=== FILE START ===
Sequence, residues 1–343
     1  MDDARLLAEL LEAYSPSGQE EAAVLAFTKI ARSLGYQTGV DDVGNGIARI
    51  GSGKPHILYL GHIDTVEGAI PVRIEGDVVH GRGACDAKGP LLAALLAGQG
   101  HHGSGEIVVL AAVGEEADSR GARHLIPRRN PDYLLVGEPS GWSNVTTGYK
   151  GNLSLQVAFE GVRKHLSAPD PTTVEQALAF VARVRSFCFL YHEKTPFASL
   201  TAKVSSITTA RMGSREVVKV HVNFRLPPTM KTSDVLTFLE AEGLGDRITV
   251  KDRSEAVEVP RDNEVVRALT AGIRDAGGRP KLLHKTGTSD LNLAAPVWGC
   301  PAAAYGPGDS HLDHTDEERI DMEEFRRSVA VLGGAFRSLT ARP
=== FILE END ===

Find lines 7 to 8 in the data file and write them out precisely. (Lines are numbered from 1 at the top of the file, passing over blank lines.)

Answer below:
   251  KDRSEAVEVP RDNEVVRALT AGIRDAGGRP KLLHKTGTSD LNLAAPVWGC
   301  PAAAYGPGDS HLDHTDEERI DMEEFRRSVA VLGGAFRSLT ARP